Life is a River in India: Part Three
By Brett Paesel
Brett Paesel is the author of the Los Angeles Times bestseller Mommies Who Drink: Sex, Drugs, and Other Distant Memories of an Ordinary Mom. She has been published in many national publications, including the New York Times, Los Angeles Times, and Salon.com. She has also developed television shows for HBO, ABC, Fox, Comedy Central, Lifetime Television, WB Television Network and Nick at Nite. Brett blogs weekly at lastofthebohemians.blogspot.com.
This story is excerpted from the literary travel anthology Lights, Camera…Travel!, published by Lonely Planet.
From nowhere, the water started to rise and rush ahead, carrying the boat forward. There was no way we could stop now. The roaring river had a momentum that could not be tamed by our flimsy oars. Jagged rocks jutted out of the churning water. Waves slapped against every surface – boat, rock, oar. Water sprayed into our faces. I couldn’t see. We crashed up and down. Up and down. Oars struck rocks. How were we hanging on? I didn’t know. I couldn’t feel my ass. It had been the only point of contact between the boat and me. For all I knew, I was no longer sitting. I wanted desperately to bargain with God, but I couldn’t think of words. Up and down. Couldn’t form a thought. Up and down. Up and down. Thank you, Jesus – I was still in the boat. The children must be too, unless no-one wanted to scream bad news at me over the pounding current.
And soon. Very soon. Calm.
I held my breath and listened for more rushing water. My skin prickled. I could smell my own fear.
‘Stop,’ I heard Vinod say. We all lifted our oars out of the water, my pulse still pounding.
‘Whoo-hoo!’ whooped Spencer behind me. ‘That was fun! Let’s do some more!’
‘Yeah!’ shouted Murphy.
What? That was it? How did it get so quiet, so fast? The boat drifted. The two men in the banana boat up ahead smiled back at us. I turned around to see the kids beaming, barely damp from the spray. Pat and Keir smiled like they’d just finished a satisfying meal.
‘You see?’ said Vinod. ‘Difficulty, zero.’
Difficulty zero? What was a ‘one,’ I thought? Niagara Falls? I looked back at the water we had just navigated. I had to admit that it looked like a very wide babbling brook, a couple of birds perched comfortably on small rocks. How could I have so misjudged the experience? Had my inherent fear about anything more physically challenging than leaning over to pick up a dropped potato chip altered my perception that radically?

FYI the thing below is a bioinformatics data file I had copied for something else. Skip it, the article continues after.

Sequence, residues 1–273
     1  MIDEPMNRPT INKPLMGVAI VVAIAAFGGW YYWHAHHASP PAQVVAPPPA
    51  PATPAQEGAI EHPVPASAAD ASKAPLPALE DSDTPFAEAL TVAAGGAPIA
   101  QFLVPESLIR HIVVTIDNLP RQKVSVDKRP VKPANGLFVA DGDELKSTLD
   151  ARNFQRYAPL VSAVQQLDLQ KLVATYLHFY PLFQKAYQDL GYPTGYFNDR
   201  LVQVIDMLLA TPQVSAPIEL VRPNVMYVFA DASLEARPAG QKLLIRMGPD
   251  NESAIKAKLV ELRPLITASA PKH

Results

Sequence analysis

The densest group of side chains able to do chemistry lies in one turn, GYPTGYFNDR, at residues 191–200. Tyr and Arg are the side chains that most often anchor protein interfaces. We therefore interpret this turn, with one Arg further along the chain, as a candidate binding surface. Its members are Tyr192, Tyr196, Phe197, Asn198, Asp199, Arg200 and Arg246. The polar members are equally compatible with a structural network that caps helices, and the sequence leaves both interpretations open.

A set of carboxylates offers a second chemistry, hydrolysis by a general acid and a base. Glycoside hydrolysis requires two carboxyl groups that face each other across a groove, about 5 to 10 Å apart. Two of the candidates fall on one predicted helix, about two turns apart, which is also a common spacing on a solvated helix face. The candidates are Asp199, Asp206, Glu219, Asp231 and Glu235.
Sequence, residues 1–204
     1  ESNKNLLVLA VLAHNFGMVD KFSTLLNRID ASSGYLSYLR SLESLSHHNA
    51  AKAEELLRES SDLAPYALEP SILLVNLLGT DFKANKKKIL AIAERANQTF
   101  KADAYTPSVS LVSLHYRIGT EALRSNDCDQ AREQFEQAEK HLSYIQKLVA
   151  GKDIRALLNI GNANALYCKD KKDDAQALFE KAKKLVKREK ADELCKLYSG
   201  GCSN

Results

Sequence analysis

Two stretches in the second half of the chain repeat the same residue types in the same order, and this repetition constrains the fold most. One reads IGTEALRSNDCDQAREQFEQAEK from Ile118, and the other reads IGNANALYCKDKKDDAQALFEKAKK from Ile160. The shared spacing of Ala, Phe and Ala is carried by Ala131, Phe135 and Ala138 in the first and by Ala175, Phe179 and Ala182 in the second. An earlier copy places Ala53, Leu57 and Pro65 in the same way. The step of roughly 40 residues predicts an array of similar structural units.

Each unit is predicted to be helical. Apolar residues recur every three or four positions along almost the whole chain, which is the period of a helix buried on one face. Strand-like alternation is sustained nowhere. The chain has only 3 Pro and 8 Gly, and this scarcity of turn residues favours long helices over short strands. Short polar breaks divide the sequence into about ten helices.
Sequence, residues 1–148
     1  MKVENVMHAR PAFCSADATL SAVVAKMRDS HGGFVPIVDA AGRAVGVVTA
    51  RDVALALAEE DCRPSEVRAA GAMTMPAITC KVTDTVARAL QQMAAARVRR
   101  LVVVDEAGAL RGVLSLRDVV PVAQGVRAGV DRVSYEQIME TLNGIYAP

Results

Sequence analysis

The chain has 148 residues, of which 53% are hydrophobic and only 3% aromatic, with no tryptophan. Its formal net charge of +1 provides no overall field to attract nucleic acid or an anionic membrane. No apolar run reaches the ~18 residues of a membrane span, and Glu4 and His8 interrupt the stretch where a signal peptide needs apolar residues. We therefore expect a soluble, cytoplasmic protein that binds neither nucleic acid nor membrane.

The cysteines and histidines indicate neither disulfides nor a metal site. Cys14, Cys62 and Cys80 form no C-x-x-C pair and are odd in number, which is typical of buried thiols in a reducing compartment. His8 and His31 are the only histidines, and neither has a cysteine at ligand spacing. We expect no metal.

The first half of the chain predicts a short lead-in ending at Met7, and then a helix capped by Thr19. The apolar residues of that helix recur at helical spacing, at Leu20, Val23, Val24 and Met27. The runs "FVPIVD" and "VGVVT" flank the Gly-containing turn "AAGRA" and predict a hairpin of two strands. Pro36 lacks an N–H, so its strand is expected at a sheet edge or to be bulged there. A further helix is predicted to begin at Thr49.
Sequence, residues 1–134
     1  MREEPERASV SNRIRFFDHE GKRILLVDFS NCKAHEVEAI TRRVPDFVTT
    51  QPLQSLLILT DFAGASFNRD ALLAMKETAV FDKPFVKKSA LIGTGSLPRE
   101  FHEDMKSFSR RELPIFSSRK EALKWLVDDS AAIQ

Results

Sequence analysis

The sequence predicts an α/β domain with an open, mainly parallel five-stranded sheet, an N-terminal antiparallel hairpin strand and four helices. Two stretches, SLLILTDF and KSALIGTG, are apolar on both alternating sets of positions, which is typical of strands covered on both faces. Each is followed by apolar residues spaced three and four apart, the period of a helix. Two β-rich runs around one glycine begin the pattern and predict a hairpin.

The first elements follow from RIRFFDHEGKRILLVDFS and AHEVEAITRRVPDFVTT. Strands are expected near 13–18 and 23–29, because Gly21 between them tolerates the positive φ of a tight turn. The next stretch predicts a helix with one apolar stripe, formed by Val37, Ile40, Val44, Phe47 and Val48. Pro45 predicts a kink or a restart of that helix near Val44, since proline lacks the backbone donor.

‘Row,’ I heard Vinod say. ‘We can stop on shore here.’
Thank God. Land was exactly what I needed. Time to pull myself together before the next rapids. I dipped my oar into the rippling water and reached and pulled with the others. I had known all along that I wasn’t the river-rafting type, I told myself. Maybe I should accept my limits rather than push past them. I didn’t have to be victimized by my limits like I was in the past. I simply needed to respect them. Make friends with them. After all, my lack of youth, height and glossy hair limited my ability to make a living as a supermodel. Sometimes recognizing your limits was healthy and reasonable.
We pulled the raft ashore and Vinod told us that we would find the ruins of a seventeenth-century hunting lodge at the top of the hill. We followed him up an overgrown path. The ground felt solid beneath my feet. I liked this. I knew this. History. Ruins. Dirt underfoot.
In barely ten minutes, we came upon a couple of turrets flanking a small room. There was a fire pit in front and a shrine to the Hindu god Rama off to one side, newly painted orange. Clearly the lodge was still occasionally used by campers or hunters. The shrine looked so matter of fact and I was impressed, afresh, by what I had noticed earlier in the trip – the Hindu blending of the quotidian with worship.
‘Up here!’ Vinod called down from what appeared to be a concrete or stone mound about ten feet high. ‘You can see the river.’
Murphy scrambled up to join him. I glanced at Spencer. Ever since he was a toddler, I had anticipated his fear of heights. He had difficulty even climbing a short slide on the playground.
Through the years, I had looked at play structures and immediately assessed, ’He’s never going to make that.’ I had watched him place a foot on the bottom rung, stare up at the monkey bars, and freeze. When we rode escalators, I had to lock eyes with him so that he didn’t accidentally look down. Each time, every time, he balked or gave up entirely, his head hung heavy with defeat. At every new challenge, my heart had skipped a protective beat as I struggled with how to soften his disappointment with himself. This is where I found myself. Poised to comfort, I stepped forward.
This story is excerpted from Lights, Camera…Travel!, edited by Andrew McCarthy and Don George, published by Lonely Planet. Copyright 2011 by Lonely Planet Publications. “Life is a River in India” excerpted with permission of the author and the publisher. To purchase a copy of the book, click here.
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